Conflicts: Gauck criticizes former Chancellor Schröder because of Russia

Conflicts: Gauck criticizes former Chancellor Schröder because of Russia

The former Federal President called the close relationship between Gerhard Schröder and Kremlin boss Vladimir Putin – even after the Russian attack on Ukraine – “intolerable” and “unacceptable”.

Former Federal President Joachim Gauck has sharply criticized former Chancellor Gerhard Schröder and his connections to Russia. “When I think of Gerhard Schröder’s character, it makes me sad,” Gauck told the “Tagesspiegel”. “It’s just unbearable that Gerhard Schröder allows himself to be put into service by Russia in this way.”

For him it was “unacceptable how Schröder, as ex-Chancellor, subordinated his reputation and the reputation of Germany to his private interests”. At the same time, Gauck emphasized that the SPD politician had “made important decisions that required courage” during his term in office.

Former chancellor massively criticized

Schröder was Chancellor from 1998 to 2005. After his tenure, he worked for Russian energy companies for many years and is considered a close friend of Russian President Vladimir Putin. After the Russian attack on Ukraine, Schröder came under massive pressure because of his connections to Russia.

He traveled to Moscow in March and July 2022 for talks with Putin. He attested to the Kremlin’s willingness to negotiate a solution and insisted that he did not want to give up his opportunities to talk to Putin. In an interview with the “New York Times” in April last year, he emphasized that he had always represented German interests.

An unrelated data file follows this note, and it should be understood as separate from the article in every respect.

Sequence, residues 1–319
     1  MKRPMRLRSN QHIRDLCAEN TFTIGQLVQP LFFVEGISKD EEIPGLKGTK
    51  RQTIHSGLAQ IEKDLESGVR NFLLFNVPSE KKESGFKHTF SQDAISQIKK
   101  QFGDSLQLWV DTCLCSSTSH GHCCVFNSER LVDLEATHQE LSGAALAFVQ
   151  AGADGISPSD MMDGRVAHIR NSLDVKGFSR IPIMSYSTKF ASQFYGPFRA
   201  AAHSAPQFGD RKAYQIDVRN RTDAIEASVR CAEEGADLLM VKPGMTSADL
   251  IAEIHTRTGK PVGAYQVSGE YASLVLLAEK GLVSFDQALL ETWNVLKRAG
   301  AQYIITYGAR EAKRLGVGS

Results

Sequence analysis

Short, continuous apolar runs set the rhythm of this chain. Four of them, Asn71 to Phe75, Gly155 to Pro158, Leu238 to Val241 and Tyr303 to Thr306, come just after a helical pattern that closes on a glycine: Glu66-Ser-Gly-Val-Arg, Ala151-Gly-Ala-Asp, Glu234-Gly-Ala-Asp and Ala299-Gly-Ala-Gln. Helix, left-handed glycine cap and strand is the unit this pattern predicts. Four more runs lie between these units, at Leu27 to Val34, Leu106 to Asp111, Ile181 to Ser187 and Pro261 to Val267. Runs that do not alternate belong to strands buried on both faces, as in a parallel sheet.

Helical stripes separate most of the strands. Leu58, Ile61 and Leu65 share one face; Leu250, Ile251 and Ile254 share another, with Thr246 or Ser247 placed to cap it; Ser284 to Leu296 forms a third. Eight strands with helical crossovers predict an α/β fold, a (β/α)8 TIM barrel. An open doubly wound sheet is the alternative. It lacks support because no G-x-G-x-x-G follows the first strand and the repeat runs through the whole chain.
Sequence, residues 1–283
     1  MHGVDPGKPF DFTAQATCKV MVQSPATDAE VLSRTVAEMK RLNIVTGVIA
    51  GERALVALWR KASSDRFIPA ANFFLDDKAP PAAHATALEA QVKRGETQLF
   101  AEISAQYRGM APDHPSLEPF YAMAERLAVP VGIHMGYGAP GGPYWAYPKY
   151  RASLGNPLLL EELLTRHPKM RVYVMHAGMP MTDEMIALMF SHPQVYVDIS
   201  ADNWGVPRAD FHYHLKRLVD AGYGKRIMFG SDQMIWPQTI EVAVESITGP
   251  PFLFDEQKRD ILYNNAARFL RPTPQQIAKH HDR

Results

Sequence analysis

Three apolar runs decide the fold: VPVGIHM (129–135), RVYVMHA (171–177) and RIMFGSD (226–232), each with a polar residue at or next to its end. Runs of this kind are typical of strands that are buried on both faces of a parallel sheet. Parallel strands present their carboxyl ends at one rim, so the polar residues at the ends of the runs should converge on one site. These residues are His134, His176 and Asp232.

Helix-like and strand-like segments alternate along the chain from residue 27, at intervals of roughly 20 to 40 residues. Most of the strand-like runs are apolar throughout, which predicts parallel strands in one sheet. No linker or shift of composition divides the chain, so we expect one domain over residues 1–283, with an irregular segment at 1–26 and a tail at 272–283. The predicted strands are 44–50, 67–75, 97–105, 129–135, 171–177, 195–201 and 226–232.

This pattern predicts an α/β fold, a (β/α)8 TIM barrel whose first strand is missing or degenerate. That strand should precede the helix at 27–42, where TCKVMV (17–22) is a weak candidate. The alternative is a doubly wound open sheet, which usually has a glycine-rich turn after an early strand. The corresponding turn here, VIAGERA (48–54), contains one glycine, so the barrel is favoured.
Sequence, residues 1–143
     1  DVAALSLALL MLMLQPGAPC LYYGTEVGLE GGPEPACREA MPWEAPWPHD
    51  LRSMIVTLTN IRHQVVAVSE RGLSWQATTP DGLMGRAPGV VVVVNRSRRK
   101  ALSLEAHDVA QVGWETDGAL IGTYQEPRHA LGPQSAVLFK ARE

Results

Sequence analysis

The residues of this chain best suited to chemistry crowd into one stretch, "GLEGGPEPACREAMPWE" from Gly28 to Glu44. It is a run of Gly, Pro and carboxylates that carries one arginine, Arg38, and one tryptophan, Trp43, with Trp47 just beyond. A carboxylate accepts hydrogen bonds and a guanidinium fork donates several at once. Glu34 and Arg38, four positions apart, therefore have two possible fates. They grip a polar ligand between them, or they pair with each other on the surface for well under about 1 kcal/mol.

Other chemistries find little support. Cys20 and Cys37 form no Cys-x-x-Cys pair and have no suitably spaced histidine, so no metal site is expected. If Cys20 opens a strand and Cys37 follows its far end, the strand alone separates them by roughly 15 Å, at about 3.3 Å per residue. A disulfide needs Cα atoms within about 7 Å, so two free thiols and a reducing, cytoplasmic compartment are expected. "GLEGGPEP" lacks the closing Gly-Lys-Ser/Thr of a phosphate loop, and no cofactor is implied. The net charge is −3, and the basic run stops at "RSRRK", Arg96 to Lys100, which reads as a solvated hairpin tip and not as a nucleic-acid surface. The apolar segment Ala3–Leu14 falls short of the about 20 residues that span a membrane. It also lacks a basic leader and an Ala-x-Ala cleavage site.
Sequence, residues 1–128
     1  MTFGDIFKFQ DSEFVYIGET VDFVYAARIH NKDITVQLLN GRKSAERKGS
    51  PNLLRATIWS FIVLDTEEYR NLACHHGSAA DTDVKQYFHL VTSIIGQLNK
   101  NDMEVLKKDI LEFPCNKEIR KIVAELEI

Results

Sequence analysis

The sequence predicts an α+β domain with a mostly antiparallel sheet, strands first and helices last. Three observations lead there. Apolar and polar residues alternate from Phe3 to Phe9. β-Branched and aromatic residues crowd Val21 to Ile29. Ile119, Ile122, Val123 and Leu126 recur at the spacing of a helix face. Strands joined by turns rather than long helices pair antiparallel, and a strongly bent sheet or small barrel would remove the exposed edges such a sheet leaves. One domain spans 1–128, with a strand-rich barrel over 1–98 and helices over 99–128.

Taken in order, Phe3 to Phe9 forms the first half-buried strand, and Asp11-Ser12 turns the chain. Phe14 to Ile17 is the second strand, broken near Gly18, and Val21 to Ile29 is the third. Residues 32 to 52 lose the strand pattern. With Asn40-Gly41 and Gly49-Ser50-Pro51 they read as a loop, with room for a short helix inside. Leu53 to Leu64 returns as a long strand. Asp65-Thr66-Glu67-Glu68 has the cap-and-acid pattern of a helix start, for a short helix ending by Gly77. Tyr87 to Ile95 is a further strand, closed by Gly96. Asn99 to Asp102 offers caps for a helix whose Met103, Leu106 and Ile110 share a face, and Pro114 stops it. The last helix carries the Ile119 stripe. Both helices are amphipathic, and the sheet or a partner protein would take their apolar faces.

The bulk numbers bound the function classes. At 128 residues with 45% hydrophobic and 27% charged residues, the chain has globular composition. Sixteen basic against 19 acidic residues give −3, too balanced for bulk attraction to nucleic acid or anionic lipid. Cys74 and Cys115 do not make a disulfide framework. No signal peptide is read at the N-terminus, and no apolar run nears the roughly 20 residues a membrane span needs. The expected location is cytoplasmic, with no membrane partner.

Isolated with social democrats

Politically, the SPD leadership declared Schröder months ago to be isolated. In March, however, the arbitration commission of the SPD district in Hanover rejected applications from various SPD branches for party sanctions against him. A decision by the Federal Arbitration Commission as to whether the appeal of two local associations will be allowed is still pending.

With regard to Putin and Russia, Gauck said that “we are dealing with an offended leader and an offended nation, comparable to Germany after the First World War”. That’s why Putin’s popularity ratings soared after he occupied the Ukrainian Black Sea peninsula of Crimea in 2014. “Regaining national greatness is a very effective political method, because that’s when the supporters flock to a leader. Putin has experienced that violence is useful to him, war is useful to him.”

Source: Stern

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